Part 2 of this thesis focusses on the extraction of the bioproducts from dilute aqueous streams using ionic liquids. The conversion of organic waste streams as renewable feedstocks into carboxylic acids (such as SCFAs but as well the medium chain fatty acids (MCFAs)) results in relatively dilute aqueous streams. These relatively low concentrations are a major bottleneck for these bioprocesses to compete with the production of platform chemicals based on fossil resources. A way to overcome this bottleneck is to extract the carboxylates from the fermentation broths using liquid- liquid extraction. Hydrophobic ionic liquids (ILs) are novel extractants which can be used for this purpose. Ionic liquids are salts comprised of ions, with relatively low melting temperatures (often below 100°C). By varying the types of ion and, for example, the branching of the ions, the physical properties of the IL, such as its hydrophobicity, can be tailored. To integrate these ILs as in situ extractants in biotechnologies, the ionic liquid should be compatible with the bioprocess.

In chapter 5 the biocompatibility of the two hydrophobic ILs [N8888][oleate] and [P666,14][oleate] were investigated in a two-phase system (IL layer on top of water phase). Commonly, ILs are synthesized in organic solvents, such as toluene and ethanol. After synthesis some trace amounts of these solvents can remain in the IL. When that hydrophobic IL is placed on top of a water phase, the trace amounts of synthesis solvent can leak into the water phase. To circumvent possible toxic effects of the trace amounts of solvent in the IL, water was used as synthesis solvent. After synthesis of the two ILs, their bioprocess compatibility was assessed. Methanogenic granular sludge was placed in medium without carbon source, and on top of that medium the IL phase was placed. After 24 days the sludge was separated from the water phase and placed into fresh medium. Upon transfer of the sludge into fresh medium with acetate as substrate, [P666,14][oleate] exposed granules were completely inhibited. Granules exposed to [N8888][oleate] sustained anaerobic digestion activity, although moderately reduced. Co-ions of the starting materials of the ILs, bromide and oleate, could have remained in the IL after synthesis. Both bromide (5 to 500 ppm) and oleate (10 to 4000 ppm) were demonstrated to not inhibit methanogenic conversion of acetate. Conclusively, [P666,14] was identified as a bioprocess incompatible component and [N8888][oleate] as bioprocess compatible.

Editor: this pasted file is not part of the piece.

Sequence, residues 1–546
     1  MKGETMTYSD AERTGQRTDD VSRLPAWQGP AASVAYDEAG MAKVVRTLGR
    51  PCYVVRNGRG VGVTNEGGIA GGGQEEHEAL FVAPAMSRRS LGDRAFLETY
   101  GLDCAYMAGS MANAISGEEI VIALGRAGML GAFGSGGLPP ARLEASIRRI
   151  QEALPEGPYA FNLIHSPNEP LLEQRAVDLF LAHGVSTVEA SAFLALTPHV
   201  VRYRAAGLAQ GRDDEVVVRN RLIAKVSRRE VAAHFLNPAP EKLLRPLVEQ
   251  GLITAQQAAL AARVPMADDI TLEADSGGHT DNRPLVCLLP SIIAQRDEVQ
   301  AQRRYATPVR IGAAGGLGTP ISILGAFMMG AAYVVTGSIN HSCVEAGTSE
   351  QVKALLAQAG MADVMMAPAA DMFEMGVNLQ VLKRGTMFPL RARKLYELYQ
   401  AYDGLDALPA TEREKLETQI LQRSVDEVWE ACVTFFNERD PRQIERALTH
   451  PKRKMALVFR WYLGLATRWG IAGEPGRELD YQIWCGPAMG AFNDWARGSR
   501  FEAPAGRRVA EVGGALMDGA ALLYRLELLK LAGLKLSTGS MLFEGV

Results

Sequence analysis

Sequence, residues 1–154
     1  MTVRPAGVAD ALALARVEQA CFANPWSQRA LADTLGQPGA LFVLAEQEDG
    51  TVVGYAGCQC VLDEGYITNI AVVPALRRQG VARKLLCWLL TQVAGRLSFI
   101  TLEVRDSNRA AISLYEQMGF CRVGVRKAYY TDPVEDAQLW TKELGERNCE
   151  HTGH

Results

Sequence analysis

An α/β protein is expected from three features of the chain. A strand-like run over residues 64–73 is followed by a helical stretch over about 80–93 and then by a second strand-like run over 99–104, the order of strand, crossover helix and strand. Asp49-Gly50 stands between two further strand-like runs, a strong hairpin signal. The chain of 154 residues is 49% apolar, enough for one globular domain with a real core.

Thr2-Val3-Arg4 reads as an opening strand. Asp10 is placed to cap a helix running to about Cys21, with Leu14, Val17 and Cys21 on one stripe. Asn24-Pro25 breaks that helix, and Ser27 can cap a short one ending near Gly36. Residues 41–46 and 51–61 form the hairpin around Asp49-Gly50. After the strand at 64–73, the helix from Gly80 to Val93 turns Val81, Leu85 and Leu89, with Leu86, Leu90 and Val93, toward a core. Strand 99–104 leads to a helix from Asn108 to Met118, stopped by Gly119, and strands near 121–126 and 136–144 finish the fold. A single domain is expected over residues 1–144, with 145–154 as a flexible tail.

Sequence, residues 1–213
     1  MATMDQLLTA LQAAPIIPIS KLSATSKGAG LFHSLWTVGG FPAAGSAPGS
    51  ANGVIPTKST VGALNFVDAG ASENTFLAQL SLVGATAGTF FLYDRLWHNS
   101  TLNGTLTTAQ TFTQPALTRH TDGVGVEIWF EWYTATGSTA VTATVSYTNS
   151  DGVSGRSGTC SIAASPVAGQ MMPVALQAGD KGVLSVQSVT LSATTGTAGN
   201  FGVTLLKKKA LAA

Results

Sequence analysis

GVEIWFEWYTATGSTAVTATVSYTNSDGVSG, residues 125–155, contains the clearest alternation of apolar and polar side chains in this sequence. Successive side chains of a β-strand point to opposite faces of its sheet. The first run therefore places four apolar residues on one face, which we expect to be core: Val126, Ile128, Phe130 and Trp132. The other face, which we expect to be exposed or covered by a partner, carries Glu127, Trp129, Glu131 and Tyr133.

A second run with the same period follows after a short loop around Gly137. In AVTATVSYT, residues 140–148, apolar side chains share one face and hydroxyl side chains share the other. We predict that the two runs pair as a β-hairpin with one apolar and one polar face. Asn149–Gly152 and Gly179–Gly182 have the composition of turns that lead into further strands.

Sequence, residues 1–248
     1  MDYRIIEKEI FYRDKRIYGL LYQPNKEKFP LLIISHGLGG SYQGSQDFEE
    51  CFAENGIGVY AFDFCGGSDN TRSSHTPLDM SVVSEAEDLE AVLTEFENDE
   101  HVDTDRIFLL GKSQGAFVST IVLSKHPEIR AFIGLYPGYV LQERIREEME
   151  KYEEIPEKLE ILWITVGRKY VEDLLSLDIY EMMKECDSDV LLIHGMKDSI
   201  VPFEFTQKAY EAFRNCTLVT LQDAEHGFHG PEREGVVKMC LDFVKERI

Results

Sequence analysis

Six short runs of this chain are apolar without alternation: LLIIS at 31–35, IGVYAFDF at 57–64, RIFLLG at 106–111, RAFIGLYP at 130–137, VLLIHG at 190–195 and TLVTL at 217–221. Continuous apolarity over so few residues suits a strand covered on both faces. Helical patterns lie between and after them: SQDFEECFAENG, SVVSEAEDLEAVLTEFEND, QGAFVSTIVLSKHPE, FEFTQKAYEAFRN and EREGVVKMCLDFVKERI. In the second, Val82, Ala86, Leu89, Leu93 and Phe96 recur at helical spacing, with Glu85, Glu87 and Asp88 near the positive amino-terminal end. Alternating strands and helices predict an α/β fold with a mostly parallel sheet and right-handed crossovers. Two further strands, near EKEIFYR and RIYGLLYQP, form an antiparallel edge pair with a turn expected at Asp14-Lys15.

For an IL to become the envisioned in situ extractants for bioprocesses, the IL needs to be regenerated and reused. In chapter 6 a concept of an IL as transport liquid is presented, in which a product (from a bioprocess) is in situ extracted into a hydrophobic IL. The subsequent extraction of the product from the IL (i.e. regeneration) does not necessarily need to take place in/at the same physical location, time and/or medium as where the extraction of product into the IL occurred. Therefore, the IL can be regarded as transport liquid of the product.

To study the feasibility of this concept, the bioprocess compatible hydrophobic IL [N8888][oleate] was used for two successive cycles of i) extraction of SCFAs into the IL [N8888][oleate] and ii) regeneration of the IL. For the regeneration of the IL a novel method was described which employs microorganisms to assist in IL regeneration, naming it ‘microbial assisted regeneration’. Microbial assisted regeneration is beneficial as no additional salt is needed for both pH control of the bioprocess as well as for recovery of the products from the IL. The experiments in this chapter demonstrate the potential of using hydrophobic ILs as transport liquid between two bioprocesses. When the concept of an IL as transport liquid is coupled with the proposed microbial regeneration method, two distinct biological processes can be coupled.

For BCE to become an industrial waste valorisation technology, the production needs to be improved. Although the electron transfer pathways are not unravelled yet, chapter 7 gives an overview of all the nowadays described pathways. In this way, the coupling of microbial metabolism with an electrode can be understood more. Based on these insights, several recommendations are provided to improve BCE and to render the technology mature enough to prove its potential using real acidified organic residual streams.

Original languageEnglish
QualificationDoctor of Philosophy
Awarding Institution
  • Wageningen University
  • Buisman, Cees, Promotor
  • Strik, David, Co-promotor
Award date29 May 2019
Place of PublicationWageningen
Print ISBNs9789463439169
Publication statusPublished - 29 May 2019


  • biobased economy
  • biomass
  • bioelectric potential